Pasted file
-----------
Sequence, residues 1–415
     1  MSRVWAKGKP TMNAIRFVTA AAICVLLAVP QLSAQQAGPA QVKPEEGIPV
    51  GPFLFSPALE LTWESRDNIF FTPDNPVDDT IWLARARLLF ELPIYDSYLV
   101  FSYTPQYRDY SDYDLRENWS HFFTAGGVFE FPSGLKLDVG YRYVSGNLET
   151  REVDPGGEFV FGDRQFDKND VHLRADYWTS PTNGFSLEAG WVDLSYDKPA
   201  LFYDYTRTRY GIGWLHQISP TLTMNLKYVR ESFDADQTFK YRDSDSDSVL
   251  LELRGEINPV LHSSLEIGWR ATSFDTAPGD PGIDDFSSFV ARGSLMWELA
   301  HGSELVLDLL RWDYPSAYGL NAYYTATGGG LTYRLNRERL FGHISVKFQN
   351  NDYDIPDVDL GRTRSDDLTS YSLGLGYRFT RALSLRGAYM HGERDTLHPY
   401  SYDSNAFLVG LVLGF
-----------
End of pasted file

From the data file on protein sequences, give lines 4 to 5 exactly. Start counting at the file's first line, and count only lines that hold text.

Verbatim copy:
   101  FSYTPQYRDY SDYDLRENWS HFFTAGGVFE FPSGLKLDVG YRYVSGNLET
   151  REVDPGGEFV FGDRQFDKND VHLRADYWTS PTNGFSLEAG WVDLSYDKPA